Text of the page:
Eleutherodactylus planirostrisGreenhouse Frog

Geographic Range

Eleutherodactylus planirostris is a small frog species native to several Caribbean islands, including Cuba, the Caymans (specifically Grand Cayman and Cayman Brac), and the Bahamas (specifically Eleuthera, Little Bahama Bank, South Bimini, and New Providence). From their origin in western Cuba (a population that is genetically distinct from populations in eastern Cuba, Jamaica, the Caymans, and the Bahamas), they have been introduced to mainland United States, Mexico, and Hawaii. Eleutherodactylus planirostris was introduced via the soil of imported tropical plants and in landscaping materials, where individuals went unnoticed because of their small size and faint advertisement call. Breeding populations have been established in Guam, and several U.S. states, including Florida, Georgia, and Alabama. There are isolated colonies found in Mississippi, Louisiana, and Texas. (Heinicke, et al., 2011; Jensen, et al., 2008; Olson, et al., 2012; Somma, 2013)


Greenhouse frogs are widely distributed in the tropical Caribbean, predominantly in locations with a climate similar to that of Cuba, an island with a variable, tropical climate characterized by a dry season with a mean temperature of 22 °C and a wet season with a mean temperature of 29°C. Greenhouse frogs are found in both residential areas and natural habitats, with most populations residing in lowland habitats. They are usually found on the forest floor, where they hide under logs, leaf litter, debris, and in crevices along stream banks. Adults are common in moist substrates, and, in residential areas, can be found in greenhouses and gardens, and beneath mulch, boards, or stones. Because of their high tolerance for dry conditions, they can also live in the open grasslands and pastures of Jamaica, and in the grasslands, scrub habitats, and coastal areas of Florida. (Fernández, et al., 2008; Jensen, et al., 2008; Lannoo, 2005; Olson, et al., 2012; Wells, 2007)

  • Aquatic Biomes
  • rivers and streams

Physical Description

Greenhouse frogs are granular-skinned frogs that range in length from 12 to 30 mm. Individuals exhibit several background colors, including brown, reddish brown, or bronze, and two pattern phases. The recessive mottled phase has dark (brown) and light (tan) coloration, often with a faint v-shaped band on the back and a band between the eyes. The dominant, striped phase has two light, dorsolateral stripes starting at the eyes and terminating at the posterior end. The frog has a light gray or white belly with fine brown stippling and reddish eyes. Greenhouse frogs have slender fingers and toes without webbing and with small, terminal toe pads. Greenhouse frogs are sexually dimorphic. The snout-vent length (SVL) is variable among populations, but female frogs are always larger than males. In Hawaii, the mean female SVL is 22 mm while the mean male SVL is 17 mm. In Cuba and Florida, the female SVL ranges from 26.5 to 28 mm while the male SVL ranges from 17.5 to 21 mm. (Jensen, et al., 2008; Olson, et al., 2012; Somma, 2013)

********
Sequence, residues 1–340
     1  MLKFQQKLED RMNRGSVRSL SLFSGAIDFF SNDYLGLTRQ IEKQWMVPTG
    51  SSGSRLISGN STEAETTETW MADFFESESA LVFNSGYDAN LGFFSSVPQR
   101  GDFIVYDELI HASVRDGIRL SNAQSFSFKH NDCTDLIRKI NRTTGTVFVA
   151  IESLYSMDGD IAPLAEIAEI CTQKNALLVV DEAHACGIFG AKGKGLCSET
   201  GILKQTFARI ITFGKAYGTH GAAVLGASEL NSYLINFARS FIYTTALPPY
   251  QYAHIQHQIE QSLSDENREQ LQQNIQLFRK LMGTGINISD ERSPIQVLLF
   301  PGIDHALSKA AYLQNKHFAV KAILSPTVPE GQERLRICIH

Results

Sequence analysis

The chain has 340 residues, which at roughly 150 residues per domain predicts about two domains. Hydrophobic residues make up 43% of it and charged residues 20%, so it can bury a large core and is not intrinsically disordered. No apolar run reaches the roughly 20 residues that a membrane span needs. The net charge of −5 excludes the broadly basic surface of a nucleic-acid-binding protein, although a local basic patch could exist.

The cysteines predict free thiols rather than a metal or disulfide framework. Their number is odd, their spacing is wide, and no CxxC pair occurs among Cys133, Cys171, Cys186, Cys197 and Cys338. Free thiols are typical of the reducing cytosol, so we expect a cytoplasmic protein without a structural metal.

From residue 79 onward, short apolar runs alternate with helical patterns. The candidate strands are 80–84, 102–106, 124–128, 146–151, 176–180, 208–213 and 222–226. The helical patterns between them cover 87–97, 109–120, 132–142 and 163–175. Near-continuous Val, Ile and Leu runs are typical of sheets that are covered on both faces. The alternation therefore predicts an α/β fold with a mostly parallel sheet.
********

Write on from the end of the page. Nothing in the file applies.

• Sexual Dimorphism
  • female larger
  • Range length
    12 to 30 mm
    0.47 to 1.18 in


Fertilized greenhouse frog eggs hatch directly into tiny froglets after an in-egg development and metamorphosis period of around 2 weeks. Development may be accelerated by warmer temperatures, with hatching occurring as early as 13 days and as late as 20 days post-deposition. To hatch, eggs require 100% humidity. Hatchlings are about 9 to 11 mm long with an SVL of 4.3 to 5.7 mm. They look very similar to adults, with the addition of a reduced tail and tooth, both of which detach after hatching. Both males and females reach sexual maturity within the first year of life. (Olson, 2011; Olson, et al., 2012)


There is no information on the mating system of greenhouse frogs in the literature.

Greenhouse frogs breed during the spring and summer. In Cuba and Florida, they breed more during the wet season than the dry season, whereas in Hawaii, they breed almost exclusively in the wet season. Males call to females at night and when relative humidity is 84 to 100%. The call is a soft series of 4 to 5 irregular chirps with sound pressure levels of 35 to 45 decibels at 0.5 meters. Males call from under debris, from the ground, or on vegetation under 1 m from the ground. Each female lays a clutch of about 20 eggs (range: 3 to 26 eggs). Eggs are laid on the ground under moist cover such as clumps of vegetation, under debris, in leaf litter, and even in the soil of potted plants. (Jensen, et al., 2008; Kraus, et al., 1999; Lannoo, 2005; O'Neill, 2009; Olson, et al., 2012)